This course explores why primary health care is central for achieving Health for All. It provides examples of how primary health care has been instrumental in approaching this goal in selected populations and how the principles of primary health care can guide future policies and actions.
Two of the most inspiring, least understood, and most often derided terms in global health discourse are “Health for All” and “Primary Health Care.” In this course, we will explore these terms in the context of global health, their origins and meanings, the principles upon which they rest, and examples of how these principles have been implemented at both small and large scale. We will also explore some ultra-low-cost approaches to Health for All through primary health care, and the promise that primary health care holds for eventually achieving Health for All.
Each module of this course consists of approximately one hour or lecture, approximately one hour of additional readings or video presentations, and two additional hours devoted to studying for each of the quizzes, writing and evaluating two short peer-review assignments, and participating in the discussion forums.
Developed in collaboration with Johns Hopkins Open Education Lab.
Primary Health Care and Health for All: An Introduction In this module, we'll go over some basics about the course and introduce you to the concept of primary health care as well as the history of its development. There is a short review quiz at the end of the module.
Exploring What Primary Health Care Really Is In this module, we'll dig more deeply into primary health care, examine its more recent history, and then hear from Carl Taylor, a giant in the field. When you're ready, please take the review quiz and complete the peer review assignment.
Approaches to Implementing Primary Health Care in Resource-Constrained Settings Implementation of primary health care is challenging work, particularly when resources are in short supply. In this module, we'll examine some of the challenges and opportunities and look at some real-life examples. A short review quiz follows the lesson.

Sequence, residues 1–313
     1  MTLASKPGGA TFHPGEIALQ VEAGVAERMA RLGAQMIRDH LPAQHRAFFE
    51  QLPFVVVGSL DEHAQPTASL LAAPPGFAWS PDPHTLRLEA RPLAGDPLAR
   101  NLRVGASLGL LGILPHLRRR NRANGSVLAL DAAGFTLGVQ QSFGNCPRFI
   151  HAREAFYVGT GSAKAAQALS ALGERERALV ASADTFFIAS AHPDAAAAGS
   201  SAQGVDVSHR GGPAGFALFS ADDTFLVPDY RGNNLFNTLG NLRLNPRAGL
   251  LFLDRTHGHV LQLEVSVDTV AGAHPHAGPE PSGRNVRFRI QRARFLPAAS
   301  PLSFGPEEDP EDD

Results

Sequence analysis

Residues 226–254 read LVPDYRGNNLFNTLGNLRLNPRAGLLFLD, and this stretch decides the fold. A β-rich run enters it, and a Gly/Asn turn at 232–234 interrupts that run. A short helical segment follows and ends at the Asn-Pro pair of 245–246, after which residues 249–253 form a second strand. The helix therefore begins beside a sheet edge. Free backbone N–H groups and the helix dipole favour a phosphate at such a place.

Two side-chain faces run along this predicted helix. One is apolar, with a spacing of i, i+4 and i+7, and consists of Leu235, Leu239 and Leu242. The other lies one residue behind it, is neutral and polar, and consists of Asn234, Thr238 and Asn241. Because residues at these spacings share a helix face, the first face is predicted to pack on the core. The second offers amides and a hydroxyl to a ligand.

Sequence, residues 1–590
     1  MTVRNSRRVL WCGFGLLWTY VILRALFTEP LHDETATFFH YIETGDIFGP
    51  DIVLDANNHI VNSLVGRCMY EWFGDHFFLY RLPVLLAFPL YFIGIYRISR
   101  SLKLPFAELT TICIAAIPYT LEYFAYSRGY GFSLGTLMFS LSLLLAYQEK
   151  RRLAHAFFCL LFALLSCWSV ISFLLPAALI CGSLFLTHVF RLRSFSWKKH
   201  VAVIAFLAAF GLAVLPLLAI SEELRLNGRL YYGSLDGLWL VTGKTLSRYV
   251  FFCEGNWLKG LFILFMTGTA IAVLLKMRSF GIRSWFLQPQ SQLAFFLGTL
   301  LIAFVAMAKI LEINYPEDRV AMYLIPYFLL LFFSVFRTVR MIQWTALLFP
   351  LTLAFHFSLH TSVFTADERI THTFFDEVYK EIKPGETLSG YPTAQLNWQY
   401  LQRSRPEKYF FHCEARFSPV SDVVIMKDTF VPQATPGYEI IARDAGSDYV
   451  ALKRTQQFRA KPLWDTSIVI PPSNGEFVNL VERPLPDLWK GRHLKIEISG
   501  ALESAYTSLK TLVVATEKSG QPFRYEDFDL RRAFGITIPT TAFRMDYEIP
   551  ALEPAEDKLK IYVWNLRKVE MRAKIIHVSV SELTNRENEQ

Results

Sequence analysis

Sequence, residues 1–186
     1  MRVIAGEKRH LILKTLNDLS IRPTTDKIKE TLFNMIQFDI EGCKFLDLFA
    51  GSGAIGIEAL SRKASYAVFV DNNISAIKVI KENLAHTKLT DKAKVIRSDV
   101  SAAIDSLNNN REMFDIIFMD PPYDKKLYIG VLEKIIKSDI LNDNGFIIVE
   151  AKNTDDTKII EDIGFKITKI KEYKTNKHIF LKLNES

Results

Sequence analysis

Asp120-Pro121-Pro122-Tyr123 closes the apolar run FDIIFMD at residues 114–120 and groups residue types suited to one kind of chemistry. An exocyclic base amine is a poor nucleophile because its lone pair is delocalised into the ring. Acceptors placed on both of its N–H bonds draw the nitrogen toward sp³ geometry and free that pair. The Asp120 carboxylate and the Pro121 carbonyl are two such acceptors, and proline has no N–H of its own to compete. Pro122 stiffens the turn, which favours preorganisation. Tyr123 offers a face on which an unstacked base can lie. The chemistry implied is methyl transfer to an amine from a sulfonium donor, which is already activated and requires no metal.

Achieving Health for All Through Community Health Workers and Innovative Community-based Programming In most settings, community members are in the best position to provide care to their neighbors. In this module, we'll examine primary health care systems that are built around community health workers. When you've finished the lesson, you'll take your fourth and final review quiz.
Wrapping Up In this module, we'll summarize what we covered in the preceding modules. Then, you'll have an opportunity to describe your own plan for implementing primary health care in our final peer review assignment.
MOOCs stand for Massive Open Online Courses. These arefree online courses from universities around the world (eg. StanfordHarvardMIT) offered to anyone with an internet connection.
How do I register?
To register for a course, click on "Go to Class" button on the course page. This will take you to the providers website where you can register for the course.
How do these MOOCs or free online courses work?
MOOCs are designed for an online audience, teaching primarily through short (5-20 min.) pre recorded video lectures, that you watch on weekly schedule when convenient for you. They also have student discussion forums, homework/assignments, and online quizzes or exams.